These factors to consider are:
Quality – the quality of your current work
Perceived Value – the value your ideal client sees in your current work
Confidence – the amount of confidence and experience you have as a photographer
Competition – the quality, value and confidence of your work against others in your field
What is the quality of your work, the gear, props and food that you use to get the shot and the quality of the finished product?
Does your work look like it belongs on a food blog, a cafe website, a high-end restaurant’s website or a renowned food magazine?
None of the places your work belongs are better than one another, they just match right now.
Think about the quality of your current work. Does it match your current ideal client?
Perceived value is the worth of a product or service in the mind of the client.
This value will influence the amount the client is willing to pay for your products and services. A lot of the time some clients won’t understand just how much work goes into creating an image or they aren’t able to see the benefits quality photography will provide to their business.
What do you perceive the value of your work to be? Will the client see that value as well?
Getting these two to match up is an important factor in effective pricing.
Think about what you perceive the value of your work to be. Does it match the quality of your work and your current ideal client?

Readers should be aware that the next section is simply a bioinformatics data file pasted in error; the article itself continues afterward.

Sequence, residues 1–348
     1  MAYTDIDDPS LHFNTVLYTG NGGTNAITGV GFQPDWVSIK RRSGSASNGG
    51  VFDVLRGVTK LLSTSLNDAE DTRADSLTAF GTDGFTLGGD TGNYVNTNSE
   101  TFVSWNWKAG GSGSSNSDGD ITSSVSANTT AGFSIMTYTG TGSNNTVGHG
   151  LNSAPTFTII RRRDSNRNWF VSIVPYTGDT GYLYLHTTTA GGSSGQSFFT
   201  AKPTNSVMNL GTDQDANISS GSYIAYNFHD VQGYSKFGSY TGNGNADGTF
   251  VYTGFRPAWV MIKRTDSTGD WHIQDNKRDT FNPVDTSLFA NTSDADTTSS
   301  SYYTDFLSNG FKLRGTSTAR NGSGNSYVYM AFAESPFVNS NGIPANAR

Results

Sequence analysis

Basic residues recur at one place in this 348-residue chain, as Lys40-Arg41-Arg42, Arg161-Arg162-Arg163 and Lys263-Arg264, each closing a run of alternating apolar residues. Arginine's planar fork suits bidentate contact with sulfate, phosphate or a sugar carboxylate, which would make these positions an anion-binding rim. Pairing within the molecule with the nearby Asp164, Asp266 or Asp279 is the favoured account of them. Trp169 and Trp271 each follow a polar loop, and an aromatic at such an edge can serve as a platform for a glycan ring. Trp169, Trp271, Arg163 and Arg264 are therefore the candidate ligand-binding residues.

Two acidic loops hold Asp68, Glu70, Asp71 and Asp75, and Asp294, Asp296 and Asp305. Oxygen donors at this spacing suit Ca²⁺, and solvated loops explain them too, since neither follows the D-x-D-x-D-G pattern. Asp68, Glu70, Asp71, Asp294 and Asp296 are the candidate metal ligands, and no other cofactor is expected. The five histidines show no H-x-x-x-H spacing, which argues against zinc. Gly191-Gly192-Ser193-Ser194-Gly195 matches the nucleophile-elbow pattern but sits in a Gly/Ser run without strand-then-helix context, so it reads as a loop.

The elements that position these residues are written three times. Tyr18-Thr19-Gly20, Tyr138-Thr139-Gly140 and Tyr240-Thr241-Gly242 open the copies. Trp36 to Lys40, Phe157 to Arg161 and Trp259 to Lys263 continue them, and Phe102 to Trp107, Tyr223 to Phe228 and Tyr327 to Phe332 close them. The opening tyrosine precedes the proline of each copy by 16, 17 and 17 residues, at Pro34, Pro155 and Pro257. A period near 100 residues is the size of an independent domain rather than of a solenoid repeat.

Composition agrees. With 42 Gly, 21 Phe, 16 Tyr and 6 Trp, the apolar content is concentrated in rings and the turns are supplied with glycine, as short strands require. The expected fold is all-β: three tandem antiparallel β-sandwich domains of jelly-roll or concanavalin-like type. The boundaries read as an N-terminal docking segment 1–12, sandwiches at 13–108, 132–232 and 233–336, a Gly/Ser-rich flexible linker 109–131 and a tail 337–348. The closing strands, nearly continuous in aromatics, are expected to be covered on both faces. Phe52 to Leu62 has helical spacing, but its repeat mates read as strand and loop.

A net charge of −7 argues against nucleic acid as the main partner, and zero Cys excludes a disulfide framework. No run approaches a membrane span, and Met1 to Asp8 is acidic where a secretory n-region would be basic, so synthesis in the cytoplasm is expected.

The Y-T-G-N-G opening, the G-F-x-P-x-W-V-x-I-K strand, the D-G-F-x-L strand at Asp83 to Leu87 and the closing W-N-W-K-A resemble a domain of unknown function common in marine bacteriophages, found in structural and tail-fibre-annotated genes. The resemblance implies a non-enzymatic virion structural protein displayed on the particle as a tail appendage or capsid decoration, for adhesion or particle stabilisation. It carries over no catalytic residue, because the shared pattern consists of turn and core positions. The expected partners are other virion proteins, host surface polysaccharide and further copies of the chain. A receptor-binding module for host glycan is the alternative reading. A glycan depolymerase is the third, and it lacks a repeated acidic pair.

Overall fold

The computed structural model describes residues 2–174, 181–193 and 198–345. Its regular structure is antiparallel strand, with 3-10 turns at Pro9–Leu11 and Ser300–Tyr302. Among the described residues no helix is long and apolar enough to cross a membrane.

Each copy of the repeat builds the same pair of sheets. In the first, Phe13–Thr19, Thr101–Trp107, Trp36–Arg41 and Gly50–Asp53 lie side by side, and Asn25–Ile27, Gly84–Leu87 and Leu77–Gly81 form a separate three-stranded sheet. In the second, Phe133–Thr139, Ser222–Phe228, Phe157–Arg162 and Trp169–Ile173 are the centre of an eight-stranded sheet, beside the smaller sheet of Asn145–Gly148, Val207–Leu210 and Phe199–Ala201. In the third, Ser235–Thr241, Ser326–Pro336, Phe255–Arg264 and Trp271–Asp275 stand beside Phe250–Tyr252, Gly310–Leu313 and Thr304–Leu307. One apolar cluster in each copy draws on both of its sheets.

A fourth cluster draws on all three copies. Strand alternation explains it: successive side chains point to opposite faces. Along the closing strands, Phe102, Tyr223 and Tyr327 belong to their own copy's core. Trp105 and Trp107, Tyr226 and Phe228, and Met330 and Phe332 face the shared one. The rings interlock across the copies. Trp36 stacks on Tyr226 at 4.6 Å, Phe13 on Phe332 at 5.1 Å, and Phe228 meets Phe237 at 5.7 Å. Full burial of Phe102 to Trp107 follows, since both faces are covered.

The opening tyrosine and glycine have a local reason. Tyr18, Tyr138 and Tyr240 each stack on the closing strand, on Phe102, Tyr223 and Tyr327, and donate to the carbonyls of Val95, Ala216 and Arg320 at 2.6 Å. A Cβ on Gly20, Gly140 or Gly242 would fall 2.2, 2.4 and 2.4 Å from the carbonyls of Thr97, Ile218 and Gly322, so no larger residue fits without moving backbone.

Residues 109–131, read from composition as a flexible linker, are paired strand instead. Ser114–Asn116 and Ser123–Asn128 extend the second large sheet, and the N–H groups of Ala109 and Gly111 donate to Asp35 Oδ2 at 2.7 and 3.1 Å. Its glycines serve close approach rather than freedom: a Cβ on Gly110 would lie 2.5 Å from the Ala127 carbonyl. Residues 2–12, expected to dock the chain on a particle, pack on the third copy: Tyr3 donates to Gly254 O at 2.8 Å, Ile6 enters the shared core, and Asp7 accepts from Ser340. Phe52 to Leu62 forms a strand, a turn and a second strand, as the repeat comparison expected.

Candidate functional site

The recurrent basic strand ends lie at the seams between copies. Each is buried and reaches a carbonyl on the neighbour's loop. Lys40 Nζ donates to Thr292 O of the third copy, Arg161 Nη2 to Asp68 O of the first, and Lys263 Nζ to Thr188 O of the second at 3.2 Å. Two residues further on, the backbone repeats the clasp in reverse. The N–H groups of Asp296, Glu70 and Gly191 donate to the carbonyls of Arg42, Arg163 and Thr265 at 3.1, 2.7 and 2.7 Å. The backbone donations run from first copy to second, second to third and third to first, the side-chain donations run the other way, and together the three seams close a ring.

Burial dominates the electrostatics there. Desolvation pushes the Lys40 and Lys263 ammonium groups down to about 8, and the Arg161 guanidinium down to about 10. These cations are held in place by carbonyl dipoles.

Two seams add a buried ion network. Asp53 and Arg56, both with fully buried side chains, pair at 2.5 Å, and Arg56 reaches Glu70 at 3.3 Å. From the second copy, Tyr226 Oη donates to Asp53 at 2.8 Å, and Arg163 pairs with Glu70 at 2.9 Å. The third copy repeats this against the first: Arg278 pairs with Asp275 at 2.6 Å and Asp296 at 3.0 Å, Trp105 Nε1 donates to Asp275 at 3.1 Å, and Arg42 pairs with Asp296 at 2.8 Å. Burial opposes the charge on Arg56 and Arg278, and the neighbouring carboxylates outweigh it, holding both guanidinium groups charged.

We could all use a little more of this right?
Confidence in terms of pricing for me comes down to two things, how confident you are as a photographer and how confident you are with your price.
As you get further into your freelancing career, you’ll have a better understanding of your costs, your time investment and what you should be paid.
You’ll be able to speak more confidently to why you are worth what you charge.
You’ll start to complete jobs more quickly. This is when your price ‘per hour’ will rise. Starting out, your price per hour will be lower as it may take you longer to figure out a tricky lighting situation, or styling issue.
As you get more jobs under your belt, you’ll be able to tackle these issues and get results faster.
On your next shoot (paid or love project), write down every task you did to complete the job and how long each took you.
It is hard to know what your competitors charge, I know, but your clients are most likely comparing your pricing with theirs and matching that to their perceived value.
At the end of the day, your work and style are what stands you apart from your competitors and if the client wants your work they will (hopefully) be open to trying to find ways to make it work where you both win.
I try not to focus on what others are offering. We all have different perceived values and overheads. We have different goals and different styles.
If you do find out what others charge, use it as a ‘good to know’ and don’t copy them out of fear.
It is good to know what your market is willing and able to pay.
Can you find out what your competitors charge? If so, write down their prices and what that includes.
Next up, we’re going to get into the nitty-gritty of those ‘numbers and figures’, go through an example and I’ll even provide you with the template I use for my pricing.